The study was inspired after the authors encountered a patient with a penetrating globe injury due to drywall, who had retained intraocular drywall foreign body. Computed tomography (CT) was read as normal in this patient. Open globe injury with drywall has never been reported previously in the literature and there are no previous studies describing its radiographic features.Methods:
The case report is described in detail elsewhere. This was an experimental study. An ex vivo model of 15 porcine eyes with 1 mm to 5 mm fragments of implanted drywall, 2 vitreous only samples with drywall and 3 control eyes were used. Eyes and vitreous samples were CT scanned on Days 0, 1, and 3 postimplantation. Computed ocular images were analyzed by masked observers. Size and radiodensity of intraocular drywall were measured using Hounsfield units (HUs) over time.Results:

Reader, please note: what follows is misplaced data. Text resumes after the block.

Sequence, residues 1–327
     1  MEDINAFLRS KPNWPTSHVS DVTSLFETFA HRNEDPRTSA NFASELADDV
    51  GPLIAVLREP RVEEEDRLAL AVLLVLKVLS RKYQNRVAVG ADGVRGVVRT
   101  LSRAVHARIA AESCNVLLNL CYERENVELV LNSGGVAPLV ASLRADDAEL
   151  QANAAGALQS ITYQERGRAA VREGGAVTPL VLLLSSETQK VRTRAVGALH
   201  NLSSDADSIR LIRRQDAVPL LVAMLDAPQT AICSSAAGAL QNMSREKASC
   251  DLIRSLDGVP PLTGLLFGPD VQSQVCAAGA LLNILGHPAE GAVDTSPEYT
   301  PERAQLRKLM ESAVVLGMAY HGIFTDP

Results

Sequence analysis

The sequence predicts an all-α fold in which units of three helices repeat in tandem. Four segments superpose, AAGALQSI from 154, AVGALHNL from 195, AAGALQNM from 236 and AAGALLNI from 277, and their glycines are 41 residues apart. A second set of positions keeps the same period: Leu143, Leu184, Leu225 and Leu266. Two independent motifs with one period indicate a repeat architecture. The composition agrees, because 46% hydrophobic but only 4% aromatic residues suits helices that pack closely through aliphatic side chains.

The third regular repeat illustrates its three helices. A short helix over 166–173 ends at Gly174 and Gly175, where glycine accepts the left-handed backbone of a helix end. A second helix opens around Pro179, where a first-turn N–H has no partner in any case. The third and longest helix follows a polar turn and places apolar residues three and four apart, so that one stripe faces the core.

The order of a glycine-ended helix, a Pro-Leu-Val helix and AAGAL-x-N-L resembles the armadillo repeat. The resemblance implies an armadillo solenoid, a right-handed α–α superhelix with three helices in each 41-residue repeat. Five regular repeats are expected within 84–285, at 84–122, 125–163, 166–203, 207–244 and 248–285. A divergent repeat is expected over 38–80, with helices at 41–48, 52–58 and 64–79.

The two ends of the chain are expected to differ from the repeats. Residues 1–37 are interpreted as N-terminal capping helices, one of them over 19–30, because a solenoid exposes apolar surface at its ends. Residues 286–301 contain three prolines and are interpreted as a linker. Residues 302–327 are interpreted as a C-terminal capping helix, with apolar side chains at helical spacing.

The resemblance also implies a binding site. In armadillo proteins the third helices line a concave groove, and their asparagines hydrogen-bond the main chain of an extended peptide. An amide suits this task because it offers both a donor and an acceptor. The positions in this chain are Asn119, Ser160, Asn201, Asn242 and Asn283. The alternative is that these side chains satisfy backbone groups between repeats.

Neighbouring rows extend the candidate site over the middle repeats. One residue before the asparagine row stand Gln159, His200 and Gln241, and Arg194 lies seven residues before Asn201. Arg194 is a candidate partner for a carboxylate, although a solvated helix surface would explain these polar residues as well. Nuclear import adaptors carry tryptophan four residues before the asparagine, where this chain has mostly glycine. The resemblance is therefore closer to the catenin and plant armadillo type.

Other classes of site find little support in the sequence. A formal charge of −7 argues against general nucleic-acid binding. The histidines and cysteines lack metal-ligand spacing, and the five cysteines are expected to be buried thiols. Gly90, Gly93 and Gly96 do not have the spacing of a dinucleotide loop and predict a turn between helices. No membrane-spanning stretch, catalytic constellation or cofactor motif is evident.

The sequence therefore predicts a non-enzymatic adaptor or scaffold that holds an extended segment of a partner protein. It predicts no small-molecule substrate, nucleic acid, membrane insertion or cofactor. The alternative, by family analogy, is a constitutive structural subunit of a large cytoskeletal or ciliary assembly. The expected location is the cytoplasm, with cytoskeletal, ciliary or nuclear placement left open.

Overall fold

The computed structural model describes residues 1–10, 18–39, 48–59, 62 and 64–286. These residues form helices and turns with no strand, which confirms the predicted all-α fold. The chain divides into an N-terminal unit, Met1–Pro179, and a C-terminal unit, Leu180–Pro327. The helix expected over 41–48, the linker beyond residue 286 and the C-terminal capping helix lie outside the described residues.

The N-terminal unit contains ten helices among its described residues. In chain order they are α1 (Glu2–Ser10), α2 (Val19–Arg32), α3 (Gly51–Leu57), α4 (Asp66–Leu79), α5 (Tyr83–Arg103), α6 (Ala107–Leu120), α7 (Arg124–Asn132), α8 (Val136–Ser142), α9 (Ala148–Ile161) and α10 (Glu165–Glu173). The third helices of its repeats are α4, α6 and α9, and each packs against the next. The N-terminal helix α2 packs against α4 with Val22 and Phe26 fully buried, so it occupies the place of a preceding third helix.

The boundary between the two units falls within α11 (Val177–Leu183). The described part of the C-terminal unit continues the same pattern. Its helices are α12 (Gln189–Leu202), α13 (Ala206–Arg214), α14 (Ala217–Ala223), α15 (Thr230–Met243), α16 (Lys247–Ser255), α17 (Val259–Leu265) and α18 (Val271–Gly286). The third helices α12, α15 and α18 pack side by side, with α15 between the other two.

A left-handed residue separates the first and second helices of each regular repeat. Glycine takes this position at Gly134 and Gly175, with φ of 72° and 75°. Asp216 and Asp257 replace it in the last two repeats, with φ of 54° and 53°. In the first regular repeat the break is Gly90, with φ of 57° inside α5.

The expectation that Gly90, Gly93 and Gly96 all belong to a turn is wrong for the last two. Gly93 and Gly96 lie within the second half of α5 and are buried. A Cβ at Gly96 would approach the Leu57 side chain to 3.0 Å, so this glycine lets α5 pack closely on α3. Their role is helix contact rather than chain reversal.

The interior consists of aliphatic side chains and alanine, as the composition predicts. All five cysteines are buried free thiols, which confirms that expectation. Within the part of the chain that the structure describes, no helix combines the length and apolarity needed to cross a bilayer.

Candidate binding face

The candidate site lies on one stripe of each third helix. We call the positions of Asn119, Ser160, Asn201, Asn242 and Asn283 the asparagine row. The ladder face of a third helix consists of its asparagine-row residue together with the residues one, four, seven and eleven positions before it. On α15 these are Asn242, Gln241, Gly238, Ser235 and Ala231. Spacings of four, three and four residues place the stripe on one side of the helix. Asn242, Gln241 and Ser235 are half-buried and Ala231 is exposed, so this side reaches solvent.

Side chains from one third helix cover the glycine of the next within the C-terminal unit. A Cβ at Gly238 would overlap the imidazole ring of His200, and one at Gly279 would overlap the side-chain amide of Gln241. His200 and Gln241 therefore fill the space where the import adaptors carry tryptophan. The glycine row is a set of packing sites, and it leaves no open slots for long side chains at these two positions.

Intraocular drywall was hyperdense on CT. All sizes studied were detectable on Day 0 of scanning. Mean intraocular drywall foreign body density was 171 ± 52 Hounsfield units (70–237) depending on fragment size. Intraocular drywall foreign body decreased in size whereas Hounsfield unit intensity increased over time.Conclusion:
Drywall dissolves in the eye and becomes denser over time as air in the drywall is replaced by fluid. This study identified Hounsfield Units specific to intraocular drywall foreign body over time.